Foremilk and Hindmilk

In almost every conversation I have with a mom about breastfeeding, the subject of foremilk and hindmilk comes up. Most moms have heard about it, and many moms are worried about making sure their baby “gets the hindmilk”. Is there really a need to be concerned? The short answer is no.

Photo credit: Azoreg/Wikimedia Commons

The term “foremilk” is commonly used to refer to the initial milk that a baby supposedly receives at the beginning of a feeding that is more watery and lower in fat content, while “hindmilk” refers to the milk towards the end of a feed that is supposedly higher in fat content. This description does not give the whole picture however, and can lead to a lot of unnecessary worry.

The fat content of breastmilk varies throughout  a feeding, and throughout the day. What is important when thinking about fat intake is not how much fat your baby gets per feeding, but how much they get in 24 hours. The “emptier” your breasts are (for lack of a better term, because your breasts are never truly empty) the higher the fat content of your milk. Because of this, fat content tends to be lower early in the morning when most moms tend to feel the fullest, and is usually higher in the evening when most moms feel less full. Over the course of 24 hours, if you are nursing your baby on cue, he gets everything he needs.

Your breasts don’t contain two distinct types of milk (foremilk and hindmilk), it is all breastmilk, and it is all beneficial for your baby. The fat content of your breastmilk gradually changes during a feed, similar to water gradually getting hotter when you first turn on the hot water tap. If you are following your babies cues, and your baby is nursing frequently, the milk at the start of the next feed is still high in fat content (hindmilk), similar to the water from the hot water tap still being warm if it hasn’t been very long since you last turned it on.

True formilk-hindmilk imbalance is rare, and I have only seen it in cases of severe oversupply of milk, or strict timing of feeds. If you are nursing your baby on cue, then there is no need to worry about whether or not your baby is getting enough “hindmilk”. If your baby is gaining weight, content after feeding, meeting milestones etc, then everything is good.


  1. My babe is gaining weight just fine but last week has went from yellow diapers to runny greenslightly mucusy and extra gassy. I always have one fed off one breast per feeding unless shebstill seemed hungry. My diet hasn’t changed any. Should I maybe do two feedings per breast? I just don’t want to finish my supply. I’m not sure that I have an over supply but I do have forceful letdown

  2. Rachel Decamp says:

    I’m so glad I found this post, been looking for days for a well info post about this.
    My girl is spitting up and having hiccups a lot n not really having many poops. I know I have a very fast letdown
    But didn’t think this would be the reason for there not being much hindmilk. I usally just feed off one breast for a few hours to have it emptied fully. Every now n then ill pump n check the volume of foremilk/hindmilk , which this time around (3rd baby) there is not a lot of hindmilk. I was thinking it was due to my diet. Will try switching breast during feeds before continuing with diet changes.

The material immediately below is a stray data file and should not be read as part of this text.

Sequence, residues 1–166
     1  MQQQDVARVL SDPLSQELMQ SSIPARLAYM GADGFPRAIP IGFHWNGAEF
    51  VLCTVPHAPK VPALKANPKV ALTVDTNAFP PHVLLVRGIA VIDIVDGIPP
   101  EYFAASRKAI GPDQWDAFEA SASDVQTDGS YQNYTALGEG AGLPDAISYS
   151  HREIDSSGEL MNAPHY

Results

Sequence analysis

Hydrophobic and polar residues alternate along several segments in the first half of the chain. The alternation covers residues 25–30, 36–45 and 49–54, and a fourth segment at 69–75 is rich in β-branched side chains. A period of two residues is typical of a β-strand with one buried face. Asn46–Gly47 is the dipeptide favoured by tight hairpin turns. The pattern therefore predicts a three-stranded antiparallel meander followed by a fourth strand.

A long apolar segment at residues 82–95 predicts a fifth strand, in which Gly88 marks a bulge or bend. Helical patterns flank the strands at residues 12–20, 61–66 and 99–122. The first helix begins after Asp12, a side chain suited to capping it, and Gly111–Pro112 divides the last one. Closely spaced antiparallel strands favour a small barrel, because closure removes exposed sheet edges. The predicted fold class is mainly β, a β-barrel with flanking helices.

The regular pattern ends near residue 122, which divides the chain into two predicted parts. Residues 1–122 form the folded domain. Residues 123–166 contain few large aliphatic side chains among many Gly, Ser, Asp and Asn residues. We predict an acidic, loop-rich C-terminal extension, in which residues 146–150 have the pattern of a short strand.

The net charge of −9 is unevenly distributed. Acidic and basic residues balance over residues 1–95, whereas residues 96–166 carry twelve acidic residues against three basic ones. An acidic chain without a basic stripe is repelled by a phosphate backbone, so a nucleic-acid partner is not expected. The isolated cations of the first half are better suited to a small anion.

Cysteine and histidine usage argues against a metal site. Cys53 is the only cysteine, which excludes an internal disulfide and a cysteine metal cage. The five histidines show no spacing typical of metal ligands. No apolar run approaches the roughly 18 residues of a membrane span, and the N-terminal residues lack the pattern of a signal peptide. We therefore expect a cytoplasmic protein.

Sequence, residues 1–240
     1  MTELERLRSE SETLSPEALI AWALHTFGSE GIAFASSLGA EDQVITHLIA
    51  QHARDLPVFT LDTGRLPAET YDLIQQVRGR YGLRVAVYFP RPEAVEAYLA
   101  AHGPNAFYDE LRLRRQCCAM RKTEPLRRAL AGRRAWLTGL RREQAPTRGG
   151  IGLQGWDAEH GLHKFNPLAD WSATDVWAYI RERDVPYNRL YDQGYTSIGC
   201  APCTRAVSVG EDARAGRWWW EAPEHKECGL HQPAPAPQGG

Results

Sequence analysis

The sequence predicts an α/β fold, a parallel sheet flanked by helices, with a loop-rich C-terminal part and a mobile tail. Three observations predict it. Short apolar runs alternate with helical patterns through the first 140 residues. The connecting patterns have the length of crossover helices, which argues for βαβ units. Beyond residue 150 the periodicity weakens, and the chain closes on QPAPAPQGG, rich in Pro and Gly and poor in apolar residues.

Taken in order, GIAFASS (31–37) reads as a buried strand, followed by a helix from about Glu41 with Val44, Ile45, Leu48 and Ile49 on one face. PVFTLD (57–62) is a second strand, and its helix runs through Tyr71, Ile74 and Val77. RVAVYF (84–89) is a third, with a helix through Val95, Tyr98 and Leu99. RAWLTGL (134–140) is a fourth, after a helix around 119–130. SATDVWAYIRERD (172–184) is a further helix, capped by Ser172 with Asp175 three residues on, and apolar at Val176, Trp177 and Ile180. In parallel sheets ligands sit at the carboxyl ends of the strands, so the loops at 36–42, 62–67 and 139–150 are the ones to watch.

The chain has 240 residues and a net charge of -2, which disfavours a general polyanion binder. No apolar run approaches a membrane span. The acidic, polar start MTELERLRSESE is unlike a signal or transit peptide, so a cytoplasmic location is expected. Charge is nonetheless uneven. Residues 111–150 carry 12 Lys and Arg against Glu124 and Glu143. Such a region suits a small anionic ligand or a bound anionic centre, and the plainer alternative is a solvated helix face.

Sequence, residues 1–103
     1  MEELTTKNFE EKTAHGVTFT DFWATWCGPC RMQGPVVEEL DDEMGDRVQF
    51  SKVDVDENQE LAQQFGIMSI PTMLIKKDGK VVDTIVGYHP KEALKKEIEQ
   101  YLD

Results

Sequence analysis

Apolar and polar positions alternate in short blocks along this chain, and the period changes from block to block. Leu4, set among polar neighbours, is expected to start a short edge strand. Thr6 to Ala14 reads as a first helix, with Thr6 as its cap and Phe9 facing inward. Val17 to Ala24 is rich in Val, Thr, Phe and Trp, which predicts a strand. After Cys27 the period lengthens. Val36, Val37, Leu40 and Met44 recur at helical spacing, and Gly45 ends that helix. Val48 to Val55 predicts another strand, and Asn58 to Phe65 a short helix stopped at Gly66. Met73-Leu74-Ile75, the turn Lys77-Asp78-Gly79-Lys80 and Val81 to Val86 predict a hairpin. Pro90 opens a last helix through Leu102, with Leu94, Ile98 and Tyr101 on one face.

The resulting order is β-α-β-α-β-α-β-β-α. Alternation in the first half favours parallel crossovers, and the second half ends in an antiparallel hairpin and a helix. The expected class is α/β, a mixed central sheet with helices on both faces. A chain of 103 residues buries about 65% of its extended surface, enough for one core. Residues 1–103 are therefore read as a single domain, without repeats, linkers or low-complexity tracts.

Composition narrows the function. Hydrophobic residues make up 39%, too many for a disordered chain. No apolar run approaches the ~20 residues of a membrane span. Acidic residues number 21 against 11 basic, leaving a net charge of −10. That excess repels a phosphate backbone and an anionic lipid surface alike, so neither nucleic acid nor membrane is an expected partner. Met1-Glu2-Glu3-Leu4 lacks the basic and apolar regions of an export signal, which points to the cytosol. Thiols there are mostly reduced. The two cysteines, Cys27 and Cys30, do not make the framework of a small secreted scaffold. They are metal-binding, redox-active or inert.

3. I think I am one “rare” person who has true foremilk/hindmilk imbalance. I pump 5 times for 15-20mins max and the morning pump (prev night pump 10pm) lasts bit longer, I dump the first part of morning milk and use the rest and used other pumping sessions milk. Everything looks fine for a week and then I start noticing more watery foremilk coming thorught the 15min or 20min pumping session. My baby gets very gassy and refuses to drink her milk. What can I do?

  4. But what if those indicators are not there? I b/fed my son for 15 months and now I am having trouble with my daughter. She is 2 weeks old and only had 2 “real” (non-meconium) poops since birth. I seem to have plenty of milk, feed on demand, often for hours at a time, she wets through a diaper an hour. She is not gaining weight. I do breast compressions, I try to ensure she empties each breast fully before switching. We are having a genuine hind milk problem and I don’t know what to do!

    • Fleur (Nurtured Child) says:

      Hi Vanessa, it sounds as if you’re having an issue with milk transfer, not with hindmilk. What you’re describing is very concerning and needs to be addressed. Have you seen anyone for some in-person help? Sometimes it can seem like a baby is nursing when really they are just “hanging out” at the breast. The wet diapers in the absence of weight gain and appropriate dirty diapers do NOT indicate that she is getting enough milk. Your baby needs to be properly assessed by someone knowledgeable about breastfeeding to determine what the problem is.

      • Yes, I’m seeing my midwife today, going to an LL meeting tonight, and contacting a lactation consultant this week. I thought I was very knowledgable about breastfeeding. This girl has thrown me for a loop!

  5. I’ve had problems with oversupply and imbalance in the past. I’ve nursed 8 babies. The telltale sign for me is when baby goes from yellow poo to stringy green spinach poo. A lot of moms will claim this is a sign of allergies and to start eliminating foods from their diets.